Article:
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[p. 32] The lightening of hearts and promising outlook caused the governor to proclaim a day of public thanksgiving. It was not after the manner of the one two years previous, but more like a day of supplication. The dreaded visitor, famine, was gone, never to return to the fireside of Plymouth. And where the comforts of all the men had depended on the hands of a few women, now many workers made all tasks lighter.

Spinning was a regular occupation. Besides domestic duties the women enthusiastically helped in planting and harvesting. Even while making their evening neighborly calls their fingers would ply the knittingneedles, for even in recreation the women could not afford to be idle. This was the gayest winter Plymouth had yet known.

Now we will observe some passing events which were of special interest to the women.

In the early summer, into John and Priscilla Alden's home came Elizabeth, called the first-born daughter of the Pilgrims. Then came a wedding of special interest. All Plymouth rejoiced when Patience Brewster married Thomas Prence. Destiny had woven for her a beautiful pattern, with childhood in Scrooby, girlhood in Leyden, and womanhood in Plymouth. A bright, particular star in the galaxy of the women of Plymouth colony. Her young husband reached the important place of governor in a few years.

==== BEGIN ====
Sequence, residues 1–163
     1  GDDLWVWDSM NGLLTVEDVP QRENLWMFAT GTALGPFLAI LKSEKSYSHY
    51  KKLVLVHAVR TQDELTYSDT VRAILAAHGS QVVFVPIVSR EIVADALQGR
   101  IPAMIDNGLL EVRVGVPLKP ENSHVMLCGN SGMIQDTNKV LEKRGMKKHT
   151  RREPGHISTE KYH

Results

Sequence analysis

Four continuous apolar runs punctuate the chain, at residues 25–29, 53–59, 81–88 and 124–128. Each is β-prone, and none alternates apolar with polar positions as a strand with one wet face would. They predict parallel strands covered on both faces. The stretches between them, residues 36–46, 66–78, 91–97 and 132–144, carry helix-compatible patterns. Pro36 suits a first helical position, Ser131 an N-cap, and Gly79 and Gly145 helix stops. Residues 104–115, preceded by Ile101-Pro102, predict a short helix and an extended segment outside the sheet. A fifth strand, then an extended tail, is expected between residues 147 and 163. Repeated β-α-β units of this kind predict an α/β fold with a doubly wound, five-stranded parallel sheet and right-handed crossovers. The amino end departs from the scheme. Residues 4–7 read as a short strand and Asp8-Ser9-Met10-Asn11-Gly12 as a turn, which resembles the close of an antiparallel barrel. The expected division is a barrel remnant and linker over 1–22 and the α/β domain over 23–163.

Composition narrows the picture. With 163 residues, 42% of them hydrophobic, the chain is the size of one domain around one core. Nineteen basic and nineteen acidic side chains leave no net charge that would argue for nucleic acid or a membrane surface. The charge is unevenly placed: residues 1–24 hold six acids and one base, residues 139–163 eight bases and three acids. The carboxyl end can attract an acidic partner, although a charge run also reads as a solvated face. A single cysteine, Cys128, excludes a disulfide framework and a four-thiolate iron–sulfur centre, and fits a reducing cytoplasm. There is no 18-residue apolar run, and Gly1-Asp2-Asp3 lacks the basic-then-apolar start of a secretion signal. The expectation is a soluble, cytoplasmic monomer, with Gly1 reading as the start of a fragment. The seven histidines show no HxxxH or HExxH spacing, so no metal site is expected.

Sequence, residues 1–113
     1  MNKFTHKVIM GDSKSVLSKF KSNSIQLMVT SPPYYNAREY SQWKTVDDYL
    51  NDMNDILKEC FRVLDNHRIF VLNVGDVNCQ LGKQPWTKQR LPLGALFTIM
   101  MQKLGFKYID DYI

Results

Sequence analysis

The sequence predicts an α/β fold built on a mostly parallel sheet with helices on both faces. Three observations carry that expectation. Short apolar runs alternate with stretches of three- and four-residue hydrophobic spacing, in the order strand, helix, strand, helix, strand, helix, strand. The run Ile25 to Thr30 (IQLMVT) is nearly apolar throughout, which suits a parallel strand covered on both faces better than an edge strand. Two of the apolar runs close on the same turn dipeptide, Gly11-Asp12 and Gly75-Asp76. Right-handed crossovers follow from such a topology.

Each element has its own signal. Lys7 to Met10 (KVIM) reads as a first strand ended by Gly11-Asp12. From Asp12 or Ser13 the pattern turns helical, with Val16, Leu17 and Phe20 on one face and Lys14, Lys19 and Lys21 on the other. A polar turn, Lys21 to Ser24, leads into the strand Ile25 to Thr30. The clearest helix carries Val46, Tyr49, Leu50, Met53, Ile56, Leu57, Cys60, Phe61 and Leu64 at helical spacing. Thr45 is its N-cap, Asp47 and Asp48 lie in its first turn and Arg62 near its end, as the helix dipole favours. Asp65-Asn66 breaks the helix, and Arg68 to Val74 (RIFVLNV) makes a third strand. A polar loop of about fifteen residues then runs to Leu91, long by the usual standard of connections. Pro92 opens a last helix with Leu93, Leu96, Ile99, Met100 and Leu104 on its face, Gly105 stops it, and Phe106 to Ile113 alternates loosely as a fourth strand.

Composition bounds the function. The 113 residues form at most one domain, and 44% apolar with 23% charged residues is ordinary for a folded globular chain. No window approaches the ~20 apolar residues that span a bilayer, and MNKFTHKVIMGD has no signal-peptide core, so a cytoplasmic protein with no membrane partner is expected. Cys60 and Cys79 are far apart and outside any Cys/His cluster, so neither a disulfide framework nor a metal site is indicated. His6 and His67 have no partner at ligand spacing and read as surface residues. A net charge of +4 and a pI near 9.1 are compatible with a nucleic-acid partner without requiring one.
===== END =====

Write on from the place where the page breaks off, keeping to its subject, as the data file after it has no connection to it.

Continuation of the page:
Gray days and golden days passed over Plymouth, each one finding the women busy with the household duties, which did not end with the sunset gun, as the men's labor might. Let us look for a moment at the list of occupations which kept them busy. Candle making; pickling eggs; preserve and cordial making; distilling of herbs; ale or beer making; soap making; laundering and dyeing cloths and yarns; braiding mats of rushes; sweeping and sanding the floors; cleaning wooden and iron utensils; scouring and polishing pewter, brass and silver articles; pounding corn; butter and

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